Was Grace Gifford pregnant when she wed Joseph Plunkett in 1916?

New documentary suggests couple’s hasty marriage may have been to ward off scandal

The marriage of Joseph Mary Plunkett and Grace Gifford in Kilmainham Gaol is one of the best known stories of the Easter Rising.

Plunkett, a signatory of the Proclamation, was executed on May 4th, 1916, seven hours after he married Gifford who came from a well-to-do Protestant family in south Dublin.

The wedding now has a cachet far beyond those who are interested in Irish history because of the ballad "Grace", which has been covered by Rod Stewart among other artists.

There may be a compelling reason for the hasty marriage, according to a new documentary, Forgotten: Widows of the Irish Revolution to be broadcast on RTÉ on Thursday night.

The documentary is presented by Lindsey Earner-Byrne, Professor of Irish Gender History at University College Cork.

She states that Gifford may have been pregnant when she married Plunkett. Evidence for this comes from Plunkett's sister, Geraldine Plunkett, who was adamant that Gifford had a miscarriage shortly after the Easter Rising.

Given that the couple had no time to consummate their marriage, it would have meant that she became pregnant out of wedlock, something which would have had consequences at the time.

“If it was true, it would have had significant implications for Grace’s moral standing in the community,” Prof Earner-Byrne will say in the documentary.

“It would have meant that the relationship was consummated before the wedding. It would also have meant that marriage had much greater significance for both of them. Unmarried women in those days were particularly vulnerable.”

Having a child out of wedlock would have meant being ostracised and alienated from family and society.

“A last-minute wedding in Kilmainham could have been a way for Grace to have avoided such a fate,” Prof Earner-Byrne will say.

Women of the Rising

Gifford’s sister Muriel married another Proclamation signatory, Thomas MacDonagh, also executed for his role in the Easter Rising.

She drowned a year after the Rising at Skerries during a family holiday, paid for via a fund to help the widows and families of those executed during the Rising. Her death left the couple's two children, Donagh and Barbara, as orphans. This was to have dire consequences for the family. The MacDonaghs were Catholic; the Giffords were Protestant.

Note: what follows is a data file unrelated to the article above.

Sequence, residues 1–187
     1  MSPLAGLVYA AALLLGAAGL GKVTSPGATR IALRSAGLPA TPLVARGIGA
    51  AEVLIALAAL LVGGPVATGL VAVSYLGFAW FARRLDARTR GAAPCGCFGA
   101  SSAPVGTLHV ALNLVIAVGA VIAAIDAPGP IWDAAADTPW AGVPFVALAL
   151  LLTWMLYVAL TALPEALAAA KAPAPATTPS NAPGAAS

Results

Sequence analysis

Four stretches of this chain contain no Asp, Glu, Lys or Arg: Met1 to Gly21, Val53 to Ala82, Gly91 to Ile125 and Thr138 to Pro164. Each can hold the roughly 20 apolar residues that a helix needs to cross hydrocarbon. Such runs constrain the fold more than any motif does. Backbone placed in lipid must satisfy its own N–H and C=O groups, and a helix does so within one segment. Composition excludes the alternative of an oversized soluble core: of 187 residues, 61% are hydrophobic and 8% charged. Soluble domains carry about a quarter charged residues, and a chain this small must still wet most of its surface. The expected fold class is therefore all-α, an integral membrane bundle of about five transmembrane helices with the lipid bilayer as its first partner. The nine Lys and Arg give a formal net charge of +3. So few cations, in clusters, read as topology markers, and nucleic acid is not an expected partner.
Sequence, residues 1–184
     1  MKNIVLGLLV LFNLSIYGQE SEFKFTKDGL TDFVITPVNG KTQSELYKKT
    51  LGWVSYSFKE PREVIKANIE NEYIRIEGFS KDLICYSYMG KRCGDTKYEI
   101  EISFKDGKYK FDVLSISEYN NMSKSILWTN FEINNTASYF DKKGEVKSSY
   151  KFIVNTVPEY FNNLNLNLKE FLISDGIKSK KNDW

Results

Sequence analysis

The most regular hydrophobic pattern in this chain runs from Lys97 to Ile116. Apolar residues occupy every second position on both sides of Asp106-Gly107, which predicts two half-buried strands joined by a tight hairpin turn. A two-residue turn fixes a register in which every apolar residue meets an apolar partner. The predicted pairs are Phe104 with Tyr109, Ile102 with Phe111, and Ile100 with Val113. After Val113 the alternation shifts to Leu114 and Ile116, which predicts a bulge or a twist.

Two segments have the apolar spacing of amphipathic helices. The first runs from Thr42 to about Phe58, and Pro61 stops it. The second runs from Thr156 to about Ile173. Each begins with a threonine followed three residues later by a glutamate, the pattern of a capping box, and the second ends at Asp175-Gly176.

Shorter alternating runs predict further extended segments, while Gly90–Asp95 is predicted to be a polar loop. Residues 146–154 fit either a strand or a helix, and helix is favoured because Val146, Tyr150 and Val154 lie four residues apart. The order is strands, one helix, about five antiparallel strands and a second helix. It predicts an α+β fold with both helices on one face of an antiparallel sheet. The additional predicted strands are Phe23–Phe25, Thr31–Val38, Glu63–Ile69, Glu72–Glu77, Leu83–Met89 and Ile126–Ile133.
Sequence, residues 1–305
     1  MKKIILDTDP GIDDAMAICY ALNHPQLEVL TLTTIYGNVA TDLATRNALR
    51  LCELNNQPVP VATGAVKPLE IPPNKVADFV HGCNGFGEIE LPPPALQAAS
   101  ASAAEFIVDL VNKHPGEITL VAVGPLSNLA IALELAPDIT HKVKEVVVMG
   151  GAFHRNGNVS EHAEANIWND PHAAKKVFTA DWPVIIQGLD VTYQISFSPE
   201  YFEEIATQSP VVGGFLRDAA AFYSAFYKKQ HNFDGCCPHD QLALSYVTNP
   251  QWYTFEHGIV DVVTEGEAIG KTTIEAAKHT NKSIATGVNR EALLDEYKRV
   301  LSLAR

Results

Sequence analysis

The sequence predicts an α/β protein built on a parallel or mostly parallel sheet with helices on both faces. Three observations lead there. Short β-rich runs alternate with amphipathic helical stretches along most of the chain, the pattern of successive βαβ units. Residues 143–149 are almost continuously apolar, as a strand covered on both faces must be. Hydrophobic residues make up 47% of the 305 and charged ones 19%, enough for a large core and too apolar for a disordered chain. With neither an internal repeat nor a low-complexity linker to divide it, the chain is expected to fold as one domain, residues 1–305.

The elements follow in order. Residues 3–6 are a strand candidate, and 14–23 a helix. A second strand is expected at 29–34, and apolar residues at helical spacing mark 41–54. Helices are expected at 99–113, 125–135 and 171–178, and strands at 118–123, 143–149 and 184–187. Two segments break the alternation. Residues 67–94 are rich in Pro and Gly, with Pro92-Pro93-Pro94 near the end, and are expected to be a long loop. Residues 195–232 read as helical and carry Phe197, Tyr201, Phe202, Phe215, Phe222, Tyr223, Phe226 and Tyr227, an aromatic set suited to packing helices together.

Don, as he was known, was lifted up to the window in the hospital where he had been sick to watch his mother’s funeral.

Before his execution, MacDonagh wrote: “My beloved Muriel and my beloved children, my country then will treat them as wards I hope.”

The children began the subject of a bitter tussle between the Gifford and MacDonagh families.

Grace Gifford ended up as a prisoner in Kilmainham Goal during the Civil War in the same prison where she had been married six years previously.

Kathleen Clarke, widow of Treaty signatory Tom Clarke, also had a miscarriage after her husband's execution. She never told her husband she was pregnant.

“I didn’t want to add to his burden of worry at that time,” she explained many years later.

Many of the widows of those involved in Easter week subsisted in dire poverty afterwards including Lillie Connolly, widow of James Connolly.

Their daughter Nora wrote to a friend: “We are absolutely on the racks. This week will see the end of us unless I have something definite to count upon.”

Prof Earner-Byrne will say the contribution of Irish women to the revolution was "airbrushed out of history – the official record recording only the activities of their husbands and other men who fought in the Rising. The new Ireland that their husbands fought to create didn't have a place for the widows of 1916 after all."

  • Forgotten: The Widows of the Irish Revolution will be broadcast on RTÉ One at 10:15pm on Thursday, May 19th.